Ritchie thinks this is a bad thing

The UK is remarkable for its polarisation: it accounts for a very significant portion (nearly half) of the top 1% of wage earners in the EU, and yet it also has a substantial presence in the bottom two quintiles.

Well, yes. That’s because in The City we’ve got one of the great global centres of specialisation, equal to Silicon Valley in its global impact, and we’ve got the incredibly high productivity jobs that go with that. Don’t think of The City as really being part of the UK economy: it just happens to be here.

The rest of the UK economy is a rather dreary and not very rich northern European country.

And yet this is what Ritchie complains about. Just think how poor the Curajus State would be without that centre of global excellence?

And this is pure bollocks:

According to the analysis, the level of wage inequality in the EU as a whole is below that of the US and the three most unequal countries in the EU – Latvia, Portugal and the UK – when wages are measured in terms of purchasing power parity (PPP). The Gini index for wages in the EU as a whole is 0.346 (for full-time equivalent wages measured in PPP), while the comparable measure for the US is around 0.4, and in the UK, the most unequal EU country, it is 0.404. The majority of EU countries have Gini values for full-time equivalent wages well below the overall EU figure.

They’re not measuring inequality as a whole. Can’t possibly be. They’re measuring national inequality then averaging it. Somewhere that contains Romania and The City does not have a lower gini than the UK.

Hmm, actually, reading the report, perhaps not. PPP makes a helluva difference. At which point, of course, we need to start applying regional PPP to see the regional ginis in the UK. Which will be rather lower than the nationally reported one of course.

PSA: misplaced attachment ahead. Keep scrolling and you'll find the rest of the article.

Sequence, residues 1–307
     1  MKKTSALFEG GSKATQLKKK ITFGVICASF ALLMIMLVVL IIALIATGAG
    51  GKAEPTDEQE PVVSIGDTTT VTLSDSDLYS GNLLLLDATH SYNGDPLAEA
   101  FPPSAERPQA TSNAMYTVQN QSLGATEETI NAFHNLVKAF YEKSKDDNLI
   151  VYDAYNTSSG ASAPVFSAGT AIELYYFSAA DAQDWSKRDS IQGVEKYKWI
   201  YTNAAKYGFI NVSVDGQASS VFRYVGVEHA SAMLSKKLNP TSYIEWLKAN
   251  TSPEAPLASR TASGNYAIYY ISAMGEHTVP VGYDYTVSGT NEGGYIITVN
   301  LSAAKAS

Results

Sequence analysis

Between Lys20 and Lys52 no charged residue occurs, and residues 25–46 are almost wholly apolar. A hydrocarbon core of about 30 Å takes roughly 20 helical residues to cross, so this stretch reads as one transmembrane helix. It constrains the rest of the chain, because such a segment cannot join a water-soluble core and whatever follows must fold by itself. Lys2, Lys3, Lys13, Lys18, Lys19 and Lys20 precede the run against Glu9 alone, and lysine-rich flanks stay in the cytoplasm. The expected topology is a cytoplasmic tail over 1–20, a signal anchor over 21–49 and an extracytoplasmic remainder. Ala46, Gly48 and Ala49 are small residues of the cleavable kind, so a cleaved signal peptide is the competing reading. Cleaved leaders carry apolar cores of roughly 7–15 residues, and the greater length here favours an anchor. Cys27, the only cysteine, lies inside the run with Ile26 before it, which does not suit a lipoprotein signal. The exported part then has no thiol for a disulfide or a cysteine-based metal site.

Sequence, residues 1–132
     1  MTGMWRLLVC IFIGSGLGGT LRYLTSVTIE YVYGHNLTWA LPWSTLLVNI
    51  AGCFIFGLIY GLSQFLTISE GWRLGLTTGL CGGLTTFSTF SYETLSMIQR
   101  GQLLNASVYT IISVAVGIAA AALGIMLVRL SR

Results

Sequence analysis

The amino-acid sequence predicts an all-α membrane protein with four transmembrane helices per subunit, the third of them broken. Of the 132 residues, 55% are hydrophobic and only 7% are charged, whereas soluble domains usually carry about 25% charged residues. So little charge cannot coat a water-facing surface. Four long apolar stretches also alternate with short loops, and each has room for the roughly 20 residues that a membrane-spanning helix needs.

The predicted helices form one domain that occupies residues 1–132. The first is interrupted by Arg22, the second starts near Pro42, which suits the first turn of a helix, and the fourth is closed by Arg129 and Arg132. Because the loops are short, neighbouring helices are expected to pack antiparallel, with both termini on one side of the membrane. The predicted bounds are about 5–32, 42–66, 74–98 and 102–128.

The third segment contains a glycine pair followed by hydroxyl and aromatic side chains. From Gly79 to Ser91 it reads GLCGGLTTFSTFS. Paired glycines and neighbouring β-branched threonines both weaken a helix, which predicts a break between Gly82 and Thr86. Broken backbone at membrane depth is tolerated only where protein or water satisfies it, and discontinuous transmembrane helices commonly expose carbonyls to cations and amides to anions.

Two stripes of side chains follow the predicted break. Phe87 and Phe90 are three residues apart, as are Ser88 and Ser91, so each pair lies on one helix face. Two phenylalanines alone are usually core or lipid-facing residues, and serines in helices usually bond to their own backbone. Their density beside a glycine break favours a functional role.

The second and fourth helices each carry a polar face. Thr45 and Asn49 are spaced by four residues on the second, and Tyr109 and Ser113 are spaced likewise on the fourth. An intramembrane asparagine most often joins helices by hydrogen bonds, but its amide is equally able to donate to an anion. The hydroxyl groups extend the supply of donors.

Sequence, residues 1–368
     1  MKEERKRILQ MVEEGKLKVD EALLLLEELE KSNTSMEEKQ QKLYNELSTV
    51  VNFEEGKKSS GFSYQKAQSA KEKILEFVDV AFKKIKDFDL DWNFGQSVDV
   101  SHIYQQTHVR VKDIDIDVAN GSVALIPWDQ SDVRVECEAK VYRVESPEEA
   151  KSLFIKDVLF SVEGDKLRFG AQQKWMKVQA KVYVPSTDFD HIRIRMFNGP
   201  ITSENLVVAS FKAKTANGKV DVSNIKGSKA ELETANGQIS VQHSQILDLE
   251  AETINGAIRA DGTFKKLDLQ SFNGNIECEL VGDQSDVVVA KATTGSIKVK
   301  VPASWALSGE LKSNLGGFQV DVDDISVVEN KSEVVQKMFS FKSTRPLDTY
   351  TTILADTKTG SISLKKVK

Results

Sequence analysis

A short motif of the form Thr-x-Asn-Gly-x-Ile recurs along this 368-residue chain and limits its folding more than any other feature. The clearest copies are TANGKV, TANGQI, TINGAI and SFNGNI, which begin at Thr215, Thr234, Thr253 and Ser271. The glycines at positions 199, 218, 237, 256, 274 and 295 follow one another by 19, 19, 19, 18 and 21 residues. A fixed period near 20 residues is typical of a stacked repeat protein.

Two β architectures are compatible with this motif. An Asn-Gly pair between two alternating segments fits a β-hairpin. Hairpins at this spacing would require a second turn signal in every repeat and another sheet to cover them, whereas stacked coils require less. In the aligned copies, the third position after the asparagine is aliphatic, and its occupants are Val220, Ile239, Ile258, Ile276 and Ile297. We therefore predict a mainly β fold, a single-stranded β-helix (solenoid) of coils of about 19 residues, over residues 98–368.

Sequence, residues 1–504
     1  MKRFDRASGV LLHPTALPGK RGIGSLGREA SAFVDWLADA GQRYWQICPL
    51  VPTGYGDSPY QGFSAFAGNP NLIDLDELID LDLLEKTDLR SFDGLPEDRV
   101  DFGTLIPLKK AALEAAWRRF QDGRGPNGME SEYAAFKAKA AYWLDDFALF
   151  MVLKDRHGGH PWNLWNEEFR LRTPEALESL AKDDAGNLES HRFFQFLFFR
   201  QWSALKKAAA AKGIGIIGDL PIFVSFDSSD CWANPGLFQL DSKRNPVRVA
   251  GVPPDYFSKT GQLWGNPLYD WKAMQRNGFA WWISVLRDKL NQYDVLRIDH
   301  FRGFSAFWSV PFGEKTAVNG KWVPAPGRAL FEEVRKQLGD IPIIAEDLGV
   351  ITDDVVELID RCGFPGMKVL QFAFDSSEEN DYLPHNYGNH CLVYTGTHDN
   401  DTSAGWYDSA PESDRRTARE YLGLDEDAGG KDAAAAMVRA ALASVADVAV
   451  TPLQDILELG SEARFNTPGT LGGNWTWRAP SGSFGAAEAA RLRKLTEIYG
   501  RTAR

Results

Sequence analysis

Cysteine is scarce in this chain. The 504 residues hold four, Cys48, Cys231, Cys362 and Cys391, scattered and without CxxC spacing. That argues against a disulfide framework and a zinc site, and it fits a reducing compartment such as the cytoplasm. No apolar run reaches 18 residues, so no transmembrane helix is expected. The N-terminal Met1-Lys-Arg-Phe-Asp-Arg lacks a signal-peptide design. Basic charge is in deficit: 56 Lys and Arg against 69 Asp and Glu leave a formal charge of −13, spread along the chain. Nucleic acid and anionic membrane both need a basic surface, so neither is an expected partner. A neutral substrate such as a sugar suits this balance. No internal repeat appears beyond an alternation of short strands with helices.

5 thoughts on “Ritchie thinks this is a bad thing”

  1. If you look at e.g. the Northeast region in isolation, then yes inequality doesn’t look too bad. However if you look at the London region in isolation, inequality is enormous.

    You can argue that much of London’s poor have arrived from even poorer places, and are thus very grateful for their few crumbs off the rich men’s plates. That’s not the message the Left want to spread though.

  2. Link to the report you’re looking at? 40 is lower than the typically reported US Gini, does the report correct US measurements for in-kind redistribution?

  3. I know a couple of teachers who have retired on comfortable pensions and spend most of their time doing unpaid work to help family/friends/community. But both have responded to requests to do a few hours teaching a week to fill in gaps. So they are near the bottom of wage income, increasing the gini coefficient, without being poor.
    There are a large and increasing number of people in the UK who are working, usually part-time, while drawing a state and/or occupational pension So the wage gini coefficient is almost as flawed as the BMI.

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